You can see the nice lead up to the trail­er here.  And a fab­u­lous arti­cle Rich wrote about “The Mys­tery of Li Ling-Ai” here.

Leave a comment

December 12, 2011 — Gifts from the Blogosphere Part II

Besides the beau­ti­ful KUKAN lob­by card, blog­ger Duri­an Dave also sent this evoca­tive pho­to of Li Ling-Ai. 

Li Ling-Ai arrives in LA for KUKAN pub­lic­i­ty tour, 1941

She is caught debark­ing a Unit­ed Air­lines plane in Los Ange­les, arriv­ing from New York where she had moved in 1939 or 1940.  She was in town for the Los Ange­les pre­miere of KUKAN at the Esquire The­ater on Fair­fax. 

KUKAN pre­miered at the Esquire The­ater in Los Ange­les on August 15, 1941

Sad­ly, the Esquire The­ater was pur­chased In 1953 Can­ter’s Deli pur­chased the the­ater.  The won­der­ful mar­quee is miss­ing, but sup­pos­ed­ly you can still see rem­nants of the old the­ater in the inte­ri­or while eat­ing your sand­which (an activ­i­ty I have yet to do).   The cap­tion on the back of the pho­to quotes Li Ling-Ai as say­ing “No mat­ter how long nor how hard the strug­gle, Chi­na will win its unde­clared war with Japan. It is grave­ly con­cerned at the threat to the Bur­ma Road con­tained in Japan­ese occu­pa­tion of Indo-Chi­na, but nonethe­less con­fi­dent.”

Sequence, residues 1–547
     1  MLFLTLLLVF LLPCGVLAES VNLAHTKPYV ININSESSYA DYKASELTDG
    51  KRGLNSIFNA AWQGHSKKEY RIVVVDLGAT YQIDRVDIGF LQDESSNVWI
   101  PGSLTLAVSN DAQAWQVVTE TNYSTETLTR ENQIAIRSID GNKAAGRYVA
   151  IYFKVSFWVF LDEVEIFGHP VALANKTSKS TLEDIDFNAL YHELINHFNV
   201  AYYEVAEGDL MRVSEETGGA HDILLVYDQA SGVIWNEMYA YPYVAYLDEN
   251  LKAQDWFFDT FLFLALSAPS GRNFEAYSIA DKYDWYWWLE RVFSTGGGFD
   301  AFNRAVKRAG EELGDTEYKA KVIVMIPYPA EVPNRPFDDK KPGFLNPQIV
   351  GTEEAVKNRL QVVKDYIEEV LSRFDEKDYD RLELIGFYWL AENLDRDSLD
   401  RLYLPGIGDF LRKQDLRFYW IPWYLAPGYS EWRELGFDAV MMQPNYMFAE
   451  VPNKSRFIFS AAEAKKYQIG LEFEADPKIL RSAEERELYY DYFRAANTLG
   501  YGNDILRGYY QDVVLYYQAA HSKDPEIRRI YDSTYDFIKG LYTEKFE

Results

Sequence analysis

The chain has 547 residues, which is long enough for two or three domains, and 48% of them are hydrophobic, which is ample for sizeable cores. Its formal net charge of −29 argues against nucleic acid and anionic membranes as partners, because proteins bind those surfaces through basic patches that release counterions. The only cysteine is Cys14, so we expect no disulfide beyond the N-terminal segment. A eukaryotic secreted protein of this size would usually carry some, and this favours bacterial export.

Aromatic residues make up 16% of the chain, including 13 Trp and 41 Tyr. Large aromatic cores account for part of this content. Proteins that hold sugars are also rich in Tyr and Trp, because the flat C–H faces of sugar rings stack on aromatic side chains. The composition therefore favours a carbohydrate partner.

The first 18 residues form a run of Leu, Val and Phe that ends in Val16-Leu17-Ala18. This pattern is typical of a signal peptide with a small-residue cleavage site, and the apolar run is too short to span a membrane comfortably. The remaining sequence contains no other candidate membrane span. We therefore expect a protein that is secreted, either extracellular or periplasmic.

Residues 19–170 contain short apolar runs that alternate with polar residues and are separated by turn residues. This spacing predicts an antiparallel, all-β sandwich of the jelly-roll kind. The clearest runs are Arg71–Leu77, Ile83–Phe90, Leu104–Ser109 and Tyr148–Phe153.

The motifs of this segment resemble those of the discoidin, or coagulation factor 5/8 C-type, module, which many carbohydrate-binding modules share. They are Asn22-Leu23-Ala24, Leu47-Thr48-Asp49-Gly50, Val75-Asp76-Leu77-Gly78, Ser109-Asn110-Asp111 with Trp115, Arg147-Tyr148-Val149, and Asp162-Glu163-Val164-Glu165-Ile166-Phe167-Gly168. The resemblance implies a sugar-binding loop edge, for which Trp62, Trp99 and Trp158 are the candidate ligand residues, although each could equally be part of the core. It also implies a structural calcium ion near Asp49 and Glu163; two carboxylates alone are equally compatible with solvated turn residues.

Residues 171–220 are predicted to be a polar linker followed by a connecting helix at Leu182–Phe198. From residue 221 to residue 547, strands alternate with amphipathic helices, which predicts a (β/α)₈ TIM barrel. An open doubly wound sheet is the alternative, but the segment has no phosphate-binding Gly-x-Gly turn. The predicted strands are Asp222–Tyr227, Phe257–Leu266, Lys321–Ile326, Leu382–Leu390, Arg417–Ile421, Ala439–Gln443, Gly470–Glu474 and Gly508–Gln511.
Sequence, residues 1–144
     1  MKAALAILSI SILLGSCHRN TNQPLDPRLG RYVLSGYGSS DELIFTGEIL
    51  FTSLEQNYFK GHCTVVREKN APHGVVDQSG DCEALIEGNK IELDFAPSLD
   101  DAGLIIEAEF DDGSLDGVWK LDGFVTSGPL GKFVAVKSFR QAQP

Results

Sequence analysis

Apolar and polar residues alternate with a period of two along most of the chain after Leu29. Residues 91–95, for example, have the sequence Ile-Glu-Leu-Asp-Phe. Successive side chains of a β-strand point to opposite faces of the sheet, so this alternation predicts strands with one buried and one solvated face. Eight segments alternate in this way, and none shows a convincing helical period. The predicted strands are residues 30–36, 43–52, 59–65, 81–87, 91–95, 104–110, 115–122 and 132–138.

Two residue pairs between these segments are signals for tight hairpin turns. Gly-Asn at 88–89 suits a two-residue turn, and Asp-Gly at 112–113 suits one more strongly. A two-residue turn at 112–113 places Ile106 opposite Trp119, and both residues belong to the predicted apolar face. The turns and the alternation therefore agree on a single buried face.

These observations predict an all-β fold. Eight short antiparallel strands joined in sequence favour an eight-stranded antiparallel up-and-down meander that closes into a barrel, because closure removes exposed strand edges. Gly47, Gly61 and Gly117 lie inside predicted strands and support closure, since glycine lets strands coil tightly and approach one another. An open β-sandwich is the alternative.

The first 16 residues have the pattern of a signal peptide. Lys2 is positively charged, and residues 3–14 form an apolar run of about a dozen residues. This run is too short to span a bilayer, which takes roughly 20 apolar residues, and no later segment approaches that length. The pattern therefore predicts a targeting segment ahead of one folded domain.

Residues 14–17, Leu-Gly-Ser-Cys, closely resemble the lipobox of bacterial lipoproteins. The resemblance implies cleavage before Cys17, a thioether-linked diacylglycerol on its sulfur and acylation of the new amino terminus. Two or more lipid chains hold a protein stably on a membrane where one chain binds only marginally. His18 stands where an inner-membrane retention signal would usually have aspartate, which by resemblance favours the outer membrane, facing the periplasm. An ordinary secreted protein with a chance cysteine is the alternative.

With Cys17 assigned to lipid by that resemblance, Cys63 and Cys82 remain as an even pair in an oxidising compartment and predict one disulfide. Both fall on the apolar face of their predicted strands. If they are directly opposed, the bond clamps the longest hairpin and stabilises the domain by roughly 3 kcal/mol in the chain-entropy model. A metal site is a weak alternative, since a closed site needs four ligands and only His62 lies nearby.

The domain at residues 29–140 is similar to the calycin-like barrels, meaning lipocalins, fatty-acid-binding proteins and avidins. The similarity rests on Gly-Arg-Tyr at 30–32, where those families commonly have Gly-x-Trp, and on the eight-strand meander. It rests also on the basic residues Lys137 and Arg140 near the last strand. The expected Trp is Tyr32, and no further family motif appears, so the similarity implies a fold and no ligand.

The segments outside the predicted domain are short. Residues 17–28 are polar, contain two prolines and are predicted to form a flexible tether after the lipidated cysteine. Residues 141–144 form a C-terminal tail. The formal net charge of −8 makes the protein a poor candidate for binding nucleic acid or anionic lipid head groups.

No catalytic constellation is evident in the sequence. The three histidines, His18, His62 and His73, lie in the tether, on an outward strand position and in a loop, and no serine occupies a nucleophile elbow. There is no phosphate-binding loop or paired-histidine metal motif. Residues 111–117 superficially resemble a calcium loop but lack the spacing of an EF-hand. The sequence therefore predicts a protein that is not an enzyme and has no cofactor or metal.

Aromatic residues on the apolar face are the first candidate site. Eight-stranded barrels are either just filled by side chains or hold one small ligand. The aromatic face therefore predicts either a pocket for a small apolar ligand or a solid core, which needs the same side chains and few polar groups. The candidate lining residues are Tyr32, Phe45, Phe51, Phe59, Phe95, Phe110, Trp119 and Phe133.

It is great proof of the part that Li Ling-Ai played in help­ing to pub­li­cize the film KUKAN and keep the gen­er­al pub­lic aware of what was going on in Chi­na at the time. 

Ling-Ai’s ear­ly affin­i­ty for air­plane trav­el and her desire to learn to fly a plane was one of the first things that impressed me about her.  Pri­or to find­ing KUKAN I had­n’t heard of any Chi­nese women tak­ing to the skies ala Amelia Earhardt.  While research­ing the era, how­ev­er, I’ve dis­cov­ered that there were sev­er­al Chi­nese women who were not­ed pilots in the 30’s — Lee Ya Ching, Mag­gie Gee and Hazel Ying Lee to name a few. 

Thanks to Duri­an Dav­e’s blog– I’ve dis­cov­ered anoth­er Chi­nese Amer­i­can woman who by the looks of this pho­to was not only an ear­ly fly­er but an ear­ly movie direc­tor as well.